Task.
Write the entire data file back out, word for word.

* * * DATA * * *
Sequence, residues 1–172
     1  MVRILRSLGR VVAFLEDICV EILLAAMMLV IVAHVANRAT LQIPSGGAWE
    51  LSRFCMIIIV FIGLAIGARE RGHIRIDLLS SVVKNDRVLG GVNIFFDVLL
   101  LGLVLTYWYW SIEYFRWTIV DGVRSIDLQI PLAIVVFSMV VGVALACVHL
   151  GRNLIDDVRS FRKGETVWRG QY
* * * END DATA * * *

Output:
Sequence, residues 1–172
     1  MVRILRSLGR VVAFLEDICV EILLAAMMLV IVAHVANRAT LQIPSGGAWE
    51  LSRFCMIIIV FIGLAIGARE RGHIRIDLLS SVVKNDRVLG GVNIFFDVLL
   101  LGLVLTYWYW SIEYFRWTIV DGVRSIDLQI PLAIVVFSMV VGVALACVHL
   151  GRNLIDDVRS FRKGETVWRG QY